Let’s be very clear about this: undergoing vision therapy is not a cure for learning disabilities.
However, helping your child develop efficient visual skills is just as important as working on fine motor, gross motor and coordination skills, all of which would help your child gain mastery in specific areas of school life.
Just as you would want to strengthen weak hand and core muscles to give your child a better chance in the classroom, you would want to strengthen functional eye skills if they are weak.
Children who struggle with basic eye functioning often tire easily in class, which can be incorrectly labelled as ADHD.
They tend to fall behind in their work, and don’t perform at their potential in reading and writing tasks.
If this sounds like your child, please feel free to contact us (email@example.com or 01932 829868) to discuss matters in further detail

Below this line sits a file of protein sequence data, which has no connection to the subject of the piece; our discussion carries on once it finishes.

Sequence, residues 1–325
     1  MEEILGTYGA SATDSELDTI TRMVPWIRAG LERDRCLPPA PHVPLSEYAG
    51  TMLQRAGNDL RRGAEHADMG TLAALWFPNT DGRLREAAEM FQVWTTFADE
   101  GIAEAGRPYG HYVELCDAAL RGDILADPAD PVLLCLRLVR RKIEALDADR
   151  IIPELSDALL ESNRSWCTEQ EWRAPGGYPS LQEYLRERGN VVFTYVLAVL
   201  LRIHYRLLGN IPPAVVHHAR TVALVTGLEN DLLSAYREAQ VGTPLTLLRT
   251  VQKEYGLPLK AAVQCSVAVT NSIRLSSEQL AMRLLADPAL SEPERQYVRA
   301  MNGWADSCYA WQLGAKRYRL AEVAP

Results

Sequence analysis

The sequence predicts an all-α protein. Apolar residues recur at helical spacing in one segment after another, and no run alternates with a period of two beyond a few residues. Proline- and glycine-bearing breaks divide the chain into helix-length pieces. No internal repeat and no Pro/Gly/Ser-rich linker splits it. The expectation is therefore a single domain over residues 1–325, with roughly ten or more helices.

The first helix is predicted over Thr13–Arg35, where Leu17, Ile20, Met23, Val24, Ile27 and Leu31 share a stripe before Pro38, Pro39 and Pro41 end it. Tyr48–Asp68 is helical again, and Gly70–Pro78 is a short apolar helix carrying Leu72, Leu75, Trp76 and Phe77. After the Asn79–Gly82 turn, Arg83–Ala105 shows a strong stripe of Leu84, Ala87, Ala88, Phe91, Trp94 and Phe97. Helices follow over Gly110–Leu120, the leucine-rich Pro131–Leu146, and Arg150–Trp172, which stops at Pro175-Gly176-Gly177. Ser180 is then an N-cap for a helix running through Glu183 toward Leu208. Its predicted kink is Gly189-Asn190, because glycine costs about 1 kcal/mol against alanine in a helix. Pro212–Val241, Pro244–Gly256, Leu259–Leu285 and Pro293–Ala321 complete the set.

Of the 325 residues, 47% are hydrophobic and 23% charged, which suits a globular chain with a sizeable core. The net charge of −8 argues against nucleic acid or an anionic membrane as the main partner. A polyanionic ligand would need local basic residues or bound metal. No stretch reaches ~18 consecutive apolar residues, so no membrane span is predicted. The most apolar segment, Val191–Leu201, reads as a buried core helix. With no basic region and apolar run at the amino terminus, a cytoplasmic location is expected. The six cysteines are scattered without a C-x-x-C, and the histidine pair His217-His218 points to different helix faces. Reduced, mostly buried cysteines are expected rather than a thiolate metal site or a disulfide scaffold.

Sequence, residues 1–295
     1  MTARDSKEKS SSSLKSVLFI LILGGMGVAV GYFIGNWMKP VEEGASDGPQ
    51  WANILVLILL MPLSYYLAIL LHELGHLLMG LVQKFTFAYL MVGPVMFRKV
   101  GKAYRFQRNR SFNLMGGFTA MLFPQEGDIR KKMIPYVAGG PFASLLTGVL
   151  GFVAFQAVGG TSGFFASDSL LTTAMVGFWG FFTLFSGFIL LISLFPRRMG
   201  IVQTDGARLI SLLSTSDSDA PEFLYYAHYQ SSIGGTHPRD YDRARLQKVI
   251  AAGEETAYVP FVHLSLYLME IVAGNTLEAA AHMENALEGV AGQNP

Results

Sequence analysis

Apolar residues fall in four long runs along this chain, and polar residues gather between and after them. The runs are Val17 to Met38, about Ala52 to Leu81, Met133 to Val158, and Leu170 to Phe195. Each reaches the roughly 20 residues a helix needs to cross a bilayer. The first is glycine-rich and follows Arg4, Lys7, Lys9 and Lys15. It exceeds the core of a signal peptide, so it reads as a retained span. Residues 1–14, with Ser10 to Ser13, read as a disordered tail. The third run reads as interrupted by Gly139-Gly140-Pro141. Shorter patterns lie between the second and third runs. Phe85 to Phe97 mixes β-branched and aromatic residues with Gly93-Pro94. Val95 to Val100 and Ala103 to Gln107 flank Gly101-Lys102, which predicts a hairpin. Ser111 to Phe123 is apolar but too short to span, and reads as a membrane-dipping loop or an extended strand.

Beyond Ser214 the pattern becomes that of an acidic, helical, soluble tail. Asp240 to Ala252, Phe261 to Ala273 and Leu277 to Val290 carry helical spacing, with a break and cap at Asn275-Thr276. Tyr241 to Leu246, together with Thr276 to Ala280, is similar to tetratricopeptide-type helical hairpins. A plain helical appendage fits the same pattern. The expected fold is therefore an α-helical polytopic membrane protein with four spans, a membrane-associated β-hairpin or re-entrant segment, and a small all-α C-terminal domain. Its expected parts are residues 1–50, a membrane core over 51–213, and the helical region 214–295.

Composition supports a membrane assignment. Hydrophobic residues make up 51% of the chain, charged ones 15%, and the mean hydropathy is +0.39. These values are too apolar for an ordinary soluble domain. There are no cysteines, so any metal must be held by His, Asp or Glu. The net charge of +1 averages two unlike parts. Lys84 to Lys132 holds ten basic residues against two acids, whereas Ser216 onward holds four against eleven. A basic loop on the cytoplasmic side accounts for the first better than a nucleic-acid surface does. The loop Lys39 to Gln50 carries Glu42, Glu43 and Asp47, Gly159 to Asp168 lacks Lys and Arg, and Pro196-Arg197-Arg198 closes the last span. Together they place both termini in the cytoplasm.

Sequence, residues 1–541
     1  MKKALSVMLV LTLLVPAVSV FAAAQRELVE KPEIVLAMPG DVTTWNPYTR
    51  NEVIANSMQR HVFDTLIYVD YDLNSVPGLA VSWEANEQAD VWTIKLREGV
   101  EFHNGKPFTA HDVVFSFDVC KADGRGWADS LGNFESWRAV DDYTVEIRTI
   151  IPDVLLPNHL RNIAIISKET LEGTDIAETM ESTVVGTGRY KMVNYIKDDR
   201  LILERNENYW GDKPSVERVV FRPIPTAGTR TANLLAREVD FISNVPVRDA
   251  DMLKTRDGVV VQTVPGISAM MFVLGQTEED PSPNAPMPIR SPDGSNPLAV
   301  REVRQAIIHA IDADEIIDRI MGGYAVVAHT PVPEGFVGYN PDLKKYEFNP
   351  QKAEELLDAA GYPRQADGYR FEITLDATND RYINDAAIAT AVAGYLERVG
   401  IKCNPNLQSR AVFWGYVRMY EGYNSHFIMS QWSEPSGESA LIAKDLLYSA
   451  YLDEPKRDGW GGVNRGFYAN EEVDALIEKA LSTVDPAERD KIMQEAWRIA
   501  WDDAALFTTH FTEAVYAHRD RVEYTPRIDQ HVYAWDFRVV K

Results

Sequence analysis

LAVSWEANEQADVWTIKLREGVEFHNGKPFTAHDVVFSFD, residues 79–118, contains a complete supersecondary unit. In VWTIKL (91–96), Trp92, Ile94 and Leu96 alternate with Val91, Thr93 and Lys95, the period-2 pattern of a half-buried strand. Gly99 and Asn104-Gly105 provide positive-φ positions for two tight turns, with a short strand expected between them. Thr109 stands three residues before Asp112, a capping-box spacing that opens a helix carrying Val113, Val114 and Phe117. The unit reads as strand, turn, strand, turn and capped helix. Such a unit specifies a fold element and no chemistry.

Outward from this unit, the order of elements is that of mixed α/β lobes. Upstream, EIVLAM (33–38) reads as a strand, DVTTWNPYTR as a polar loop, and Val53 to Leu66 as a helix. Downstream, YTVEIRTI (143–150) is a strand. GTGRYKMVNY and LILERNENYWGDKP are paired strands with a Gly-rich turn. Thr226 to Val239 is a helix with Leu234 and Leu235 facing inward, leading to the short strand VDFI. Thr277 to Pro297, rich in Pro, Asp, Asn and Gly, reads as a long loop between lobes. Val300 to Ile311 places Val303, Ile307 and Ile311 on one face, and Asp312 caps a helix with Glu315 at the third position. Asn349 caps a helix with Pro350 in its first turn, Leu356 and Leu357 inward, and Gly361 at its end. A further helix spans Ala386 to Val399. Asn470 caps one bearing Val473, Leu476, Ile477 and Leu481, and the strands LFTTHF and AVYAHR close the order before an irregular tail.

What is Vision Therapy?
Vision Therapy is a type of physiotherapy for the eyes.
It is a highly effective non-surgical treatment for many visual problems such as lazy eye, double vision, convergence insufficiency and some reading and learning disabilities.
Customised to your child’s needs, it includes a mixture of in-office activities and daily, home practice.
Does it hurt?
No! None of the activities involved will hurt. Sometimes our eyes can feel a little bit uncomfortable when they need to work a bit harder than they’re used to, but this feeling doesn’t last for very long.
How long does it take?
The length of time that it takes for Vision Therapy to work effectively can vary from around 6-18 months.
Vision Therapy involves regular in-office appointments combined with daily home practice
Does it really need to be practised daily?